It humanizes, by the help of conversation and society, the manners of the lower classes, which would otherwise degenerate into a sordid ferocity and savage selfishness of spirit; it enables the industrious workman to pursue his occupation in the ensuing week with health and cheerfulness; it imprints on the minds of the people that sense of their duty to God so necessary to make them good citizens, but which yet would be worn out and defaced by an unremitted continuance of labour, without any stated times of recalling them to the worship of their Maker. 

And, therefore, the laws of king Athelstan forbade all merchandizing on the Lord’s day, under very severe penalties. And by the statute 27 Hen. VI. c. 5, no fair or market shall be held on the principal festivals, Good Friday, or any Sunday, (except the four Sundays in harvest,) on pain of forfeiting the goods exposed to sale. And since, by the statute 1 Car. I. c. 1, no persons shall assemble out of their own parishes for any sport whatsoever upon this day; nor, in their parishes, shall use any bull or bear baiting, interludes, plays, or other unlawful exercises or pastimes; on pain that every offender shall pay 3s. 4d. to the poor. This statute does not prohibit, but rather impliedly allows, any innocent recreation or amusement, within their respective parishes, even on the Lord’s day, after divine service is over. 

But, by statute 29 Car. II. c. 7, no person is allowed to work on the Lord’s day, or use any boat or barge, or expose any goods to sale; except meat in public houses, milk at certain hours, and works of necessity or charity, on forfeiture of 5s. Nor shall any drover, carrier, or the like travel upon that day, under pain of twenty shillings.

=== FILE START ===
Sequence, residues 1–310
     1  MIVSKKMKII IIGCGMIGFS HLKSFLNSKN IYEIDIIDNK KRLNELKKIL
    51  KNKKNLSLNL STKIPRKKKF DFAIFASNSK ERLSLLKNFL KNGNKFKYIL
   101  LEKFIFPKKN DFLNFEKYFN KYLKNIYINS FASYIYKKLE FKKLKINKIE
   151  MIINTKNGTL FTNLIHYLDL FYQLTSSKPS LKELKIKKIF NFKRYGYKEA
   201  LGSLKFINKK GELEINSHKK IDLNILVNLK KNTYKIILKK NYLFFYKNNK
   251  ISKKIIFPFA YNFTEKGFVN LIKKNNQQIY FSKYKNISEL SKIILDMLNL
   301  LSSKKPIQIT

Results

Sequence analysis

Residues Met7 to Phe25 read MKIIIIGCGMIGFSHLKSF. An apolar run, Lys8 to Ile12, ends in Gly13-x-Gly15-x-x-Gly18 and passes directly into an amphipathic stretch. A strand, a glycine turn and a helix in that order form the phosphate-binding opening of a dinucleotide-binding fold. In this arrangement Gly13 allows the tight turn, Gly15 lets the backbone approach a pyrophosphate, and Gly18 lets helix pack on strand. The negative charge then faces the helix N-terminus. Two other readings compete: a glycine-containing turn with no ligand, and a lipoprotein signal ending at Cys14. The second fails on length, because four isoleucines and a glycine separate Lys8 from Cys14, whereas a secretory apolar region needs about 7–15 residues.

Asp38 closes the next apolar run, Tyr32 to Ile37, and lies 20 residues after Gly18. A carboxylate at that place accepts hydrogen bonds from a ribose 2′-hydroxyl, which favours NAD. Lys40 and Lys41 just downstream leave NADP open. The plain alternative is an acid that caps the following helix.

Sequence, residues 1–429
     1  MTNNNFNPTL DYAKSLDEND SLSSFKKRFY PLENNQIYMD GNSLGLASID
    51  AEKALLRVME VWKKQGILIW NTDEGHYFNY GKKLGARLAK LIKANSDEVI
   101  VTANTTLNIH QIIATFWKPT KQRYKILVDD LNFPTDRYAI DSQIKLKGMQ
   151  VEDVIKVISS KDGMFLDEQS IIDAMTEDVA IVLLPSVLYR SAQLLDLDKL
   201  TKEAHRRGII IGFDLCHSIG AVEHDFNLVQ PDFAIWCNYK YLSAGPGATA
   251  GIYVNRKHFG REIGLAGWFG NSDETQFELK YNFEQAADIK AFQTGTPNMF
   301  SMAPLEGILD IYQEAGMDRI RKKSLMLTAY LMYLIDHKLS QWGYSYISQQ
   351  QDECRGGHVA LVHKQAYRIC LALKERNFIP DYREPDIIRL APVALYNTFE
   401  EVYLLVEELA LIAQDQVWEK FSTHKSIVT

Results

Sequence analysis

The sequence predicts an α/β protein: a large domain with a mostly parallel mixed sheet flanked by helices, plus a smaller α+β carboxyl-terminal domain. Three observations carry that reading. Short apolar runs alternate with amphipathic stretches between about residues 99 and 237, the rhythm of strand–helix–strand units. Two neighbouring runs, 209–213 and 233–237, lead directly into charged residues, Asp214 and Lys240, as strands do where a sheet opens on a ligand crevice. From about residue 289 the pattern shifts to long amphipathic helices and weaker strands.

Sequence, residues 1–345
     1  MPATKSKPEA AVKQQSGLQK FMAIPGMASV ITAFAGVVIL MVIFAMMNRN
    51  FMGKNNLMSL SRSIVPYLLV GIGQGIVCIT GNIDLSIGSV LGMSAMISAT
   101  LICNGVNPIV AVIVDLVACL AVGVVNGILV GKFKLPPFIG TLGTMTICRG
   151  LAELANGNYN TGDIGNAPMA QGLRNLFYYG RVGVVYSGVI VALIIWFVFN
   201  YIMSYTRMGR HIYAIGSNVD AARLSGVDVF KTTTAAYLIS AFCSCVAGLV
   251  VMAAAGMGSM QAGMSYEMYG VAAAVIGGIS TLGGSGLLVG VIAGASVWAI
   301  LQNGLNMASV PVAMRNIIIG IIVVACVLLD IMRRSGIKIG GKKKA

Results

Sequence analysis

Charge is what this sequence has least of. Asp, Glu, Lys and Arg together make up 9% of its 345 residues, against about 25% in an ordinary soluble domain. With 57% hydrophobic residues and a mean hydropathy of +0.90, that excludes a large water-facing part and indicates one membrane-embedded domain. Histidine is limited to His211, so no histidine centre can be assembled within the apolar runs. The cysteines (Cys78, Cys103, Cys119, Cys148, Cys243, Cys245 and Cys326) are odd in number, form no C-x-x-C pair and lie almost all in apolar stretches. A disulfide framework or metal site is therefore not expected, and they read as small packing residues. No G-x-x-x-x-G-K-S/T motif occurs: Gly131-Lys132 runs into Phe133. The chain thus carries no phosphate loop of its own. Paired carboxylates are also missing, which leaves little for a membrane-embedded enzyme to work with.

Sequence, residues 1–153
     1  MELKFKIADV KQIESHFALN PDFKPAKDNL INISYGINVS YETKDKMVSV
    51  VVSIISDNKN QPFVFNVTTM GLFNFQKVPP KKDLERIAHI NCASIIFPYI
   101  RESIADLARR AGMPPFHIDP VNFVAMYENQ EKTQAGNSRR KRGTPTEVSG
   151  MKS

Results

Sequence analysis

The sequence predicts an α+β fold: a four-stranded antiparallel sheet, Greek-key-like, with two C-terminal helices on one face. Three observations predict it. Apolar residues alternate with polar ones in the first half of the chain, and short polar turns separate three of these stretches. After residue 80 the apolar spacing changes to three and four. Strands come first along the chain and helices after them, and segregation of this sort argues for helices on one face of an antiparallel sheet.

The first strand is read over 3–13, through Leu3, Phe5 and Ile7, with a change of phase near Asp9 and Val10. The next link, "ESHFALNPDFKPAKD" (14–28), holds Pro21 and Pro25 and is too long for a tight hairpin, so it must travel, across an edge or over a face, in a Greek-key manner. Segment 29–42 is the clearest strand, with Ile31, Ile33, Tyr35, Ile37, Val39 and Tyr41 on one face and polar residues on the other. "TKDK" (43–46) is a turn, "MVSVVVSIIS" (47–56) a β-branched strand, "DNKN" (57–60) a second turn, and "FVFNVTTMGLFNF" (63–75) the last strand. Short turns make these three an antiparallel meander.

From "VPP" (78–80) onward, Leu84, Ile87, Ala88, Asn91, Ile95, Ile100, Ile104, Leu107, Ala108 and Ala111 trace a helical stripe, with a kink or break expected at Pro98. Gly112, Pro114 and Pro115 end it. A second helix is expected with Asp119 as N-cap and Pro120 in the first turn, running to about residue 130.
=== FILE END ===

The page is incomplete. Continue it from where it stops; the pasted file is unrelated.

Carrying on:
On punishing drunkenness:

X. Drunkenness is also punished, by statute 4 Jac.
I. c. 5, with the forfeiture of 5s., or the sitting six hours in the stocks: by which time the statute presumes the offender will have regained his senses, and not be liable to do mischief to his neighbours. And there are many wholesome statutes by way of prevention, chiefly passed in the same reign of king James I., which regulate the licensing of alehouses, and punish persons found tippling therein; or the master of such houses permitting them.

On punishing open lewdness:

XI. The last offence which I shall mention, more immediately against religion and morality, and cognizable by the temporal courts, is that of
open and notorious lewdness; either by frequenting houses of ill fame, which is an indictable offence; or by some grossly scandalous and public indecency, for which the punishment is by fine and imprisonment. In the year 1650, when the ruling power found it for their interest to put on the semblance of a very extraordinary strictness and purity of morals, not only incest and wilful adultery were made capital crimes, but also the repeated act of keeping a brothel, or committing fornication, were (upon a second conviction) made felony without benefit of clergy. 

But at the restoration, when men, from an abhorrence of the hypocrisy of the late times, fell into the contrary extreme of licentiousness, it was not thought proper to renew a law of such unfashionable rigour. And these offences have been ever since left to the feeble coercion of the spiritual court according to the rules of the canon law; a law which has treated the offence of incontinence, nay, even adultery itself, with a great degree of tenderness and lenity, owing perhaps to the constrained celibacy of its first compilers. The temporal courts therefore take no cognizance of the crime of adultery otherwise than as a private injury.

Photo credits:

© Henryart / Wikimedia Commons (CC BY-SA 2.0)

Sir William Blackstone by Paul Wayland Bartlett (statue)
© Missvain / Wikimedia Commons (CC BY 2.0)

Note about the Theonomy Applied Series: In quoting any particular law, we do not necessarily endorse every aspect of that law as biblical, whether it be the prohibition, sanction, court procedure, etc. Rather, we are merely showing the more or less attempt to apply biblical law in history, whether or not that application was fully biblical. Moreover, in quoting any particular law, we do not necessarily consider those who passed and/or enforced such a law as being fully orthodox in their Christian theology. Professing Christian rulers in history have ranged in their theology from being orthodox (that is, Reformed Protestants) to heretical (for example, Roman Catholics).